The Dimensions of BIM
by Holly Allison
“So, do you do BIM?”
How many times have you been asked that question during presentations to Owners?
BIM stands for Building Information Modeling. We’ve all seen the fantastic models that architects, GCs, and subs produce to help the Owner visualize their work; now let’s break down the dimensions.
2D BIM: As much as we would like to change commercial construction contract law, the 2D drawings remain the cornerstone of the contract. The BIM model is typically used to produce these 2D drawings.
What tools do you have in place to organize the 2D drawings you receive? Do they land on your desk with a thud at the eleventh hour? And is it your job to catch all the changes made between this version and the last version you received? It would be advantageous to have a Drawing Registry which automatically collates and compares the different versions of 2D vector-based PDFs and DWGs. It would locate the changes so you can mark up the drawings with clouds, comments, questions, and even provides a collaborative workflow so you can assign teammates to investigate the changes.
3D BIM: This model represents the geometry of the building and is a collection of objects such as walls, slabs, columns, doors, windows, etc.
As more models become available, coordination and clash detection come next in the workflow. Clash detection is all about BIM objects and where they intersect each other. Constructability combines clash detection with 2D and 4D information to provide a much richer and more comprehensive coordination process.
4D BIM: the combination of time and geometry creates the fourth construction dimension. We define 4D BIM and the integration of quantity takeoff, location-based quantities, resources, productivity rates, and labor costs into the BIM, thus making the 4D BIM vastly more powerful and valuable to the Owner, CM, and the GC’s Preconstruction and Operations teams. We also automatically produce a cost and resource-loaded schedule from this workflow (to the delight of the Owner and his or her CM).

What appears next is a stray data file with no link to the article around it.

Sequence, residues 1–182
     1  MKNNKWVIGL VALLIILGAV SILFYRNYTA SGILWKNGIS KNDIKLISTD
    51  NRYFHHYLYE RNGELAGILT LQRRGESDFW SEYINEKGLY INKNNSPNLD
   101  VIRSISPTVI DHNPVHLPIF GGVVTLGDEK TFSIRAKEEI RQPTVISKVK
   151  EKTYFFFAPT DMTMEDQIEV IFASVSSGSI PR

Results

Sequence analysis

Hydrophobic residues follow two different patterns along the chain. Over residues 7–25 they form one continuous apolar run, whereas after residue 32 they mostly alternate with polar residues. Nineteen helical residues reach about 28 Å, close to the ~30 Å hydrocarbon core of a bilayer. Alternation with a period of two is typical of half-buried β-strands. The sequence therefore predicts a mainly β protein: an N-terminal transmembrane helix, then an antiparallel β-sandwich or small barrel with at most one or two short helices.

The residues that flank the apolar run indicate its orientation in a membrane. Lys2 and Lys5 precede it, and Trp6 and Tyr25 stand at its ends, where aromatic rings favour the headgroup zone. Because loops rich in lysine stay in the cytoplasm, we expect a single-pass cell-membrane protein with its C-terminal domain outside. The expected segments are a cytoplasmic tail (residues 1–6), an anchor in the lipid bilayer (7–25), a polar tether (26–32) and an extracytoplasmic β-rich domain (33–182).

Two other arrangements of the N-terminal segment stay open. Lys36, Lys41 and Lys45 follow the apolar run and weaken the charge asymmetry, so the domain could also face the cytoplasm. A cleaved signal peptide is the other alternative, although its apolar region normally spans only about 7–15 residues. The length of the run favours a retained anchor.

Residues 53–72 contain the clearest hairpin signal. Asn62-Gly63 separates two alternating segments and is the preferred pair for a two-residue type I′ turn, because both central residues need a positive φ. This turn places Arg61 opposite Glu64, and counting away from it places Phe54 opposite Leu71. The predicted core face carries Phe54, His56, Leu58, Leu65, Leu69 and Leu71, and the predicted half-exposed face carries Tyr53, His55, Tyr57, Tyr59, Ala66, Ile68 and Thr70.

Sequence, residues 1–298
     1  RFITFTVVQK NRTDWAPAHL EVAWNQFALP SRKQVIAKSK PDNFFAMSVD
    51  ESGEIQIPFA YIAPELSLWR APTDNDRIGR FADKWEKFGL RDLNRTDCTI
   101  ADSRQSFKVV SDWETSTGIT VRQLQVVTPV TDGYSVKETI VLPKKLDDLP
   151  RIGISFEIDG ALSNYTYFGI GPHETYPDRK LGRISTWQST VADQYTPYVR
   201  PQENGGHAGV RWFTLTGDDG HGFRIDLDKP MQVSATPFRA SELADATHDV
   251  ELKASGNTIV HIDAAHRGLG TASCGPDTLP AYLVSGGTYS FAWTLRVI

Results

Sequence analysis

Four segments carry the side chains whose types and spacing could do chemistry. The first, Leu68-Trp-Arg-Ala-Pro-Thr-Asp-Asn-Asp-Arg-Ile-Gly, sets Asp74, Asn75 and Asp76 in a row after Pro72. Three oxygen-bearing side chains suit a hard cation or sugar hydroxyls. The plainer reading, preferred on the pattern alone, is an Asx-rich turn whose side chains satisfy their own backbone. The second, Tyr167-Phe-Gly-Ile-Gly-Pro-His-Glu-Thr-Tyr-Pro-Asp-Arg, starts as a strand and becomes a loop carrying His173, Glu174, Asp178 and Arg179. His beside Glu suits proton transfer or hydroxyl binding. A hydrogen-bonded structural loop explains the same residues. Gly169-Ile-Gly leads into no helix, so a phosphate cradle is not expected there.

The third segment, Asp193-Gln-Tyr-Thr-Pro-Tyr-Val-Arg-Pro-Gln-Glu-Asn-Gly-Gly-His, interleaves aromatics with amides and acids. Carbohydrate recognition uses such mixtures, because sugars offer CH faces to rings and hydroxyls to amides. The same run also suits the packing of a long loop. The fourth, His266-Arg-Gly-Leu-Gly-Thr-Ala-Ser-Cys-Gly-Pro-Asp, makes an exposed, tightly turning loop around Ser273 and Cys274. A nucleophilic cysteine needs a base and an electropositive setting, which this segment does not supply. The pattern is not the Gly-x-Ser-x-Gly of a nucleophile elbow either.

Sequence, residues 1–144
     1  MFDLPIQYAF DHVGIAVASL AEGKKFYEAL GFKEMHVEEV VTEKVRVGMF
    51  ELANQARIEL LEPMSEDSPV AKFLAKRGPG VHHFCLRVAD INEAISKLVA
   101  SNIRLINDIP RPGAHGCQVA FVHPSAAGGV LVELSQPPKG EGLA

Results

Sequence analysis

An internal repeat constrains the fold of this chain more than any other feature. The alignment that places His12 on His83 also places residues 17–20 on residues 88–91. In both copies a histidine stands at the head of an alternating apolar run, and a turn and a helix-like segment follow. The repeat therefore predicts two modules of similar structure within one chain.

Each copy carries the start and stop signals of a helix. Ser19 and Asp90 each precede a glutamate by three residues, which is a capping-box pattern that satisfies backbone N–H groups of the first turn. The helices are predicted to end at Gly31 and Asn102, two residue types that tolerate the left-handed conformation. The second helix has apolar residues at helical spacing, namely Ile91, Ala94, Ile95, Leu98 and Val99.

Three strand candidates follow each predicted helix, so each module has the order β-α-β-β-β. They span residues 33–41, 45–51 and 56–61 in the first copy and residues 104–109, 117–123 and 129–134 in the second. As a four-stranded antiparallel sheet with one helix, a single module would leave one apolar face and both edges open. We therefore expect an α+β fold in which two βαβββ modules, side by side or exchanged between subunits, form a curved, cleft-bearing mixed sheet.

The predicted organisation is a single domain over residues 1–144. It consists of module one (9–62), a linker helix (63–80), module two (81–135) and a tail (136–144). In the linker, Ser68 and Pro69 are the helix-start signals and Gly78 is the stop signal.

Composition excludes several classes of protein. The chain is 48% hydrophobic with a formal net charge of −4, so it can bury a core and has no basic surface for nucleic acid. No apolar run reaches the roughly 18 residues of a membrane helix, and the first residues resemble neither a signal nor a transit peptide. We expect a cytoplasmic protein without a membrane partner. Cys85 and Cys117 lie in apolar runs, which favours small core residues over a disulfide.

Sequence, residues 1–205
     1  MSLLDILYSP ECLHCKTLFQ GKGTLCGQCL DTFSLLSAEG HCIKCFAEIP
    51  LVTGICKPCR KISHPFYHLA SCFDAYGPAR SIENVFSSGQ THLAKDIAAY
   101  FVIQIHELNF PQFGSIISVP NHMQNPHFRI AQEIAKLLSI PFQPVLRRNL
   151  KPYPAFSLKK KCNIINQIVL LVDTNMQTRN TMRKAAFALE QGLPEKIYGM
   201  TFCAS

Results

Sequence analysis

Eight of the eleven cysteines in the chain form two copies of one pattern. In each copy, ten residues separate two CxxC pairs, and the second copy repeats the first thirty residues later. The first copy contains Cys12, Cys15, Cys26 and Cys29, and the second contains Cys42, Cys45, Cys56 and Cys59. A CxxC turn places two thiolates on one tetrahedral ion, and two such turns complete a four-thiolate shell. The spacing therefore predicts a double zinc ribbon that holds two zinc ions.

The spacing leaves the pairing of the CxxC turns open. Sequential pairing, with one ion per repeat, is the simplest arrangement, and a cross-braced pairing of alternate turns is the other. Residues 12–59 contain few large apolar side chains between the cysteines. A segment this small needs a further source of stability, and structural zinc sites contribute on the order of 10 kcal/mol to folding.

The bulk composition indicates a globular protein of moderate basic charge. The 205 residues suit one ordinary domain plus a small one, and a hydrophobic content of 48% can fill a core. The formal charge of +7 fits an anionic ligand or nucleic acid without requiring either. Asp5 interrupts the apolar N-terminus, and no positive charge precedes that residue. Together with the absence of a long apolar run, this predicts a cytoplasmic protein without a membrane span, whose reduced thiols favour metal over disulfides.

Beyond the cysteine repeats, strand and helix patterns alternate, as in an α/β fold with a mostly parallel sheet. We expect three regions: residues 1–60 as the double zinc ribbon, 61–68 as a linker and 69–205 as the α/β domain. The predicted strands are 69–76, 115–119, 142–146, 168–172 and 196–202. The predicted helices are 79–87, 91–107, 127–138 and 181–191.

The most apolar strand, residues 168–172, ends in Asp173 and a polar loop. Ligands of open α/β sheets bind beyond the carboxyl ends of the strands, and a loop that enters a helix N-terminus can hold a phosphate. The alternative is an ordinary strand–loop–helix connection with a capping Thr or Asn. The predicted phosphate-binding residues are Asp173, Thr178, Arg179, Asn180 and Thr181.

5D BIM: Recall that the 3D BIM is a collection of objects (which have their unique polygonal geometry from which we can extract construction-caliber quantities). These elements have what we call an assembly structure: the cost of the item, the cost of the crew to install it, the tools and materials necessary to install it, and its quantities per location. Pulled together, this produces a cost-loaded schedule for earned value analysis.
You should be able to compare cost plans to the original project budget at any point in time. Integrating this information back to the 3D model helps Owners understand which decisions have the largest impact on the budget. And all of a sudden, your 5D BIM model becomes the hub for each project decision, your go-to source for what-if questions, and a true reflection of your organization’s understanding of the project.
BIM-Based Production Control: Once you break ground on the site, you’ll want to check your progress, post look-ahead schedules, identify crews who are working slower or faster than planned, and make the appropriate adjustments. “Controlling” the schedule is critical to an organized and on-time completion of the project! The easiest way to remember this is that 2D is paper, 3D-4D-5D-PC BIM are all models. The models all look the same, it’s just that they are referencing different information from your knowledge base of cost and time elements along with your estimating database.
So the next time an Owner asks “Do you do BIM?” make sure the answer is a resounding YES!